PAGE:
The St. Luke’s Health System hospital currently under construction in Twin Falls is the most recent of the system’s more than a dozen large and small projects in southwest and south-central Idaho.
Jeff Hull, director of St. Luke’s Health Systems architecture, construction and real estate, says that in a little more than 10 years, St. Luke’s has built the Boise East Tower annex, a 1,100-stall employee parking garage in Boise, additions to its Meridian campus, a replacement hospital in Ketchum, a new health-care facility in Eagle, numerous clinics throughout the region, cancer centers, physicians’ office buildings and dozens of remodels not visible to the general public.
Founded in 1902 as a six-bed frontier hospital, St. Luke’s Health System is now Idaho’s largest health-care provider. It serves Idaho, eastern Oregon and northern Nevada.
With hospitals in Boise, Meridian, Twin Falls and Ketchum and more than 7,500 employees across the system, including nearly 1,000 physicians, St. Luke’s is a federally recognized nonprofit. With community medical centers stretching from eastern Oregon to central Idaho, St. Luke’s sends all revenues back into the system in the form of services, facilities, personnel and equipment.
“In our department, we have construction managers, architects, interior designers, equipment planners and construction site supervisory personal,” Hull says. “We oversee the design and engage the architects and engineers directly while doing most of the master planning in-house.”
Hull says that for the latest facilities, his people worked closely with the design team and representatives from Better Bricks, the commercial building initiative of the nonprofit Northwest Energy Efficiency Alliance based in Portland, Ore., BetterBricks is supported by regional electric utilities in Idaho, Montana, Oregon and Washington.
“We are looking forward to a state-of-the art facility.”
The team used an eco-charrette technique where participants focused on ideas for efficient use of energy and resources in the new building. “Our design and engineering teams brainstormed for two days, and then the Better Bricks team went away and crafted recommendations,” Hull says. “Two things came of it. We proved that we regularly develop high-performing buildings, and we made some improvements in siting.
As part of the 2004 merger with the Magic Valley Regional Medical Center, St. Luke’s agreed to build a replacement hospital in Twin Falls. Plans for the new hospital started in 2006 and construction began in early 2008 with an anticipated grand opening in late May 2011.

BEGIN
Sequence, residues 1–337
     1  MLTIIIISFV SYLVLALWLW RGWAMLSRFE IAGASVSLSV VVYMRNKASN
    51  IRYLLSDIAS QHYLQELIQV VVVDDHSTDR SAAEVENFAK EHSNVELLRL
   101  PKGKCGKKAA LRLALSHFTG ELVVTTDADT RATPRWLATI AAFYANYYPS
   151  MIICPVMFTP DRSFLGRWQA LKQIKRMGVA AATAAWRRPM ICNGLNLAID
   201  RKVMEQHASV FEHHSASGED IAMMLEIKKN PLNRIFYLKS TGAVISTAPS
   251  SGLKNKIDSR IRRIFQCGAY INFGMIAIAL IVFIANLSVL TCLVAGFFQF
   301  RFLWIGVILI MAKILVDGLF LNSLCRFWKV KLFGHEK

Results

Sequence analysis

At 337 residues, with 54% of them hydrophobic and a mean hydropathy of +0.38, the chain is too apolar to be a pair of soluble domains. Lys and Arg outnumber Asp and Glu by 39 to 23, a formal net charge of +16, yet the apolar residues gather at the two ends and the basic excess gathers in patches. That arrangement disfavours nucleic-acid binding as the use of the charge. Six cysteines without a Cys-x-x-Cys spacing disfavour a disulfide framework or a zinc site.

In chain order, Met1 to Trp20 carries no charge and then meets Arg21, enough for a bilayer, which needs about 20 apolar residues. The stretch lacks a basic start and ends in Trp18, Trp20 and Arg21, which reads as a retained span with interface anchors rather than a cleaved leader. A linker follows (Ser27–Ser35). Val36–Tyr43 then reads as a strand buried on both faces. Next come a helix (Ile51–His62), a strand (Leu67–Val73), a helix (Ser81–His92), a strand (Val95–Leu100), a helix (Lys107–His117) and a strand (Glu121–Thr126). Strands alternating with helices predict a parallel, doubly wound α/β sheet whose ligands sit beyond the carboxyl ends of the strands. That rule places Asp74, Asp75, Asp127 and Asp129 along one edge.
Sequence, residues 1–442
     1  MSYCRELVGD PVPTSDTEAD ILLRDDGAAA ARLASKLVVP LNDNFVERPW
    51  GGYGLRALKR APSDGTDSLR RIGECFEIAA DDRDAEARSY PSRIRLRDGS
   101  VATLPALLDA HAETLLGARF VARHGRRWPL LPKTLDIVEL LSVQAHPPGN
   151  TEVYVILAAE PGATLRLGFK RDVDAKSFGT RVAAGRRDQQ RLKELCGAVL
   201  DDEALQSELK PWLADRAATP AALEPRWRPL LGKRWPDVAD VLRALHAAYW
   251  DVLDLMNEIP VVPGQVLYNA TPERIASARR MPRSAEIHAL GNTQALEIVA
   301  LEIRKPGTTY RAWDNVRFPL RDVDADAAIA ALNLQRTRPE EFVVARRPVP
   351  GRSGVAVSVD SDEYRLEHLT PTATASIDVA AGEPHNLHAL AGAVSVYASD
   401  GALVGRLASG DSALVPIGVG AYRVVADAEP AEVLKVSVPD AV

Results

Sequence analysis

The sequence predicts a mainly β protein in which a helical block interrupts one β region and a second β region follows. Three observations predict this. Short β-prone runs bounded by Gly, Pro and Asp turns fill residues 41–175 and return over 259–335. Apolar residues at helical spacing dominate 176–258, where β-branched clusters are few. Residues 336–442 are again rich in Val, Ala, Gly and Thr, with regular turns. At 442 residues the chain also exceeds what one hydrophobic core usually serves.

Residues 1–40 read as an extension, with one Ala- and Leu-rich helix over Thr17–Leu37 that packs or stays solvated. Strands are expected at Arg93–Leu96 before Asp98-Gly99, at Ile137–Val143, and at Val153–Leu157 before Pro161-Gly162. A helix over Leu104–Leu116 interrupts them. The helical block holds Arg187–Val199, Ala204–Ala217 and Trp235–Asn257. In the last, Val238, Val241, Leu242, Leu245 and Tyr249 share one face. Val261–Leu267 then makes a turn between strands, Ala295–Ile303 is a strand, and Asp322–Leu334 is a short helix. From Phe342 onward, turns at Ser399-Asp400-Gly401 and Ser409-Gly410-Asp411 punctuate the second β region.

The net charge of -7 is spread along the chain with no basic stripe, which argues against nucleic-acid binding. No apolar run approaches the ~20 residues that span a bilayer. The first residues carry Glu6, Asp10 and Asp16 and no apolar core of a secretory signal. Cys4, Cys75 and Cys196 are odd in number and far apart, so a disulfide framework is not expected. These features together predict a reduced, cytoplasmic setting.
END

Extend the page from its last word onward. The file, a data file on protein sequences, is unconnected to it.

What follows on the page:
At more than 700,000 sq ft, the new Magic Valley Medical Center will meet the evolving physical and technological demands of modern health-care delivery. It offers 186 beds, a larger emergency department, an expanded St. Luke’s Mountain States Tumor Institute cancer clinic and an enlarged cardiac catheterization lab.
Hull says the project is St. Luke’s biggest undertaking to date. “It is similar and a little bit bigger than the Meridian campus, but Meridian was built in three phases,” Hull adds. “Magic Valley will be built all at once.”
The hospital is on a high basalt plateau, so the contractor’s first job was blasting out the rocks, creating a solid footing and an even structural foundation.
Tim Austin, construction manager for St. Luke’s Magic Valley operation, says contractors wanted to use as much of the material they had onsite because structural fill in Twin Falls is hard to come by. “We blasted the basalt and excavated other areas and crushed the rock onsite and used it for structural fill, landscaping and in our drain field,” Austin says.
Super-sized Health Care
Mark Schwartz, CEO of Magic Valley Medical Center, says the new facility is currently one of the largest construction projects in Idaho. “We are looking forward to a state-of-the art facility,” he adds. The campus is designed with both the patient and physician needs in mind. The second and third floors have operating rooms attached to the bed tower with post-surgical in-patient beds and outpatient areas.
A physicians’ office building is attached to the main building, with the second floor primarily to be used by surgeons and the third floor for labor and delivery doctors.
The emergency rooms, as well as the entire hospital, have been super-sized to handle the latest medical technology. The cancer center is 30,000 sq ft with two linear accelerators—big concrete vaults that house the radiation treatment equipment for cancer patients.
“For patients receiving chemotherapy, we have a large open room with a northeastern facing window wall and a private garden courtyard,” Hull says. “The rooms have televisions and a nicely landscaped garden to look out on to.”
Because nature helps the healing process, all interior colors have been drawn from the regional landscape, and windows provide ample daylight to the interior.
“I was born in the old hospital in Twin (Falls), so it is with a little extra pride that I work on this project,” Hull says. “I’m proud to go back to the town I was born in and be a part of the team that is building a new hospital here.”